The unique body structure of a snake is a bit of a blank canvas for movement. To help them tackle different terrain like sand, water, trees, or burrows, the creatures are known to use four specific modes of locomotion – lateral undulation, where they “wobble” side to side as they move; rectilinear, where they stretch straight ahead; sidewinding, where they lift parts of themselves off the ground and propel themselves sideways; and concertina, where they reach forward with their front sections then pull their rear sections to catch up, bunching up in the process.
And now a brand new one has been added to the list. Researchers at the University of Cincinnati and Colorado State University watched as snakes looped themselves into lassos in order to climb “baffles” – steep, smooth cylinders specifically designed to prevent snakes climbing them.
Brown tree snakes were accidentally introduced to the island of Guam around the 1950s, and in the decades since they’ve all but wiped out most of the native bird species. Nesting boxes are now set up on top of baffles to protect the young birds – but when the team reviewed footage from a camera monitoring one of these supposed-snake-stopping cylinders, they discovered the crafty critters had found a way to climb them.
“We didn’t expect that the brown tree snake would be able to find a way around the baffle,” says Tom Seibert, co-author of the study. “Initially, the baffle did work, for the most part. We had watched about four hours of video and then all of a sudden, we saw this snake form what looked like a lasso around the cylinder and wiggle its body up. We watched that part of the video about 15 times. It was a shocker. Nothing I’d ever seen compares to it.”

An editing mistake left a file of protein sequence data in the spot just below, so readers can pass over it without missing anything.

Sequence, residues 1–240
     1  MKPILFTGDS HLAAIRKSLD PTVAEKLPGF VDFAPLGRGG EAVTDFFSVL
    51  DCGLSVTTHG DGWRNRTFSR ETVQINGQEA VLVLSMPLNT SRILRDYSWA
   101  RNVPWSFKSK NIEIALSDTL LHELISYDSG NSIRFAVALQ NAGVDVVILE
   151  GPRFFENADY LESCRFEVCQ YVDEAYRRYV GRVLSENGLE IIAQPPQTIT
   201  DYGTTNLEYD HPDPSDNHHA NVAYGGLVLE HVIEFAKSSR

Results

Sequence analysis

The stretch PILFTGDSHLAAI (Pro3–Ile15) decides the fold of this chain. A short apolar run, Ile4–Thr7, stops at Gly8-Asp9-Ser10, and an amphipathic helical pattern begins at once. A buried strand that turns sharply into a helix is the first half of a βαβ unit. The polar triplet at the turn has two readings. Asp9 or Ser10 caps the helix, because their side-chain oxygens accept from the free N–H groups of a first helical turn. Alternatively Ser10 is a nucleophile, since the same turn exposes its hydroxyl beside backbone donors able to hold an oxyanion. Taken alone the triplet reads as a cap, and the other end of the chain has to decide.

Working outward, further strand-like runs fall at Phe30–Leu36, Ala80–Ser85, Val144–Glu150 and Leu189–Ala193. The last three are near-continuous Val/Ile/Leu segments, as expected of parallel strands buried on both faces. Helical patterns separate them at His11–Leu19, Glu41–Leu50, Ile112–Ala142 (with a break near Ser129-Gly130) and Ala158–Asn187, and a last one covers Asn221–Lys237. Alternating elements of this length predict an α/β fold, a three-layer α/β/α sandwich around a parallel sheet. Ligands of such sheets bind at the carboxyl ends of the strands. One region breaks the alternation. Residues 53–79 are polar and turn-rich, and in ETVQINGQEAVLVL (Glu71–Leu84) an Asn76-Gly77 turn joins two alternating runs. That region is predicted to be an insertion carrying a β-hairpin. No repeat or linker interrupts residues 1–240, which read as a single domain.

Further observations and videos confirmed the new lasso locomotion, and allowed the scientists to study exactly how the snakes pull it off.
“It wasn’t obvious how they were able to climb a cylinder,” says Bruce Jayne, co-author of the study. “The snake has these little bends within the loop of the lasso that allow it to advance upwards by shifting the location of each bend. Even though they can climb using this mode, it is pushing them to the limits. The snakes pause for prolonged periods to rest.”
But the exertions are probably worth it – after all, by design baffles will usually have some tasty treats waiting at the top, which less ingenious snakes might miss out on.
The team says that the discovery should lead to new types of baffles to keep snakes at bay.
The research was published in the journal Current Biology. Check out snakes using the lasso locomotion in action in the video below.
Source: University of Cincinnati
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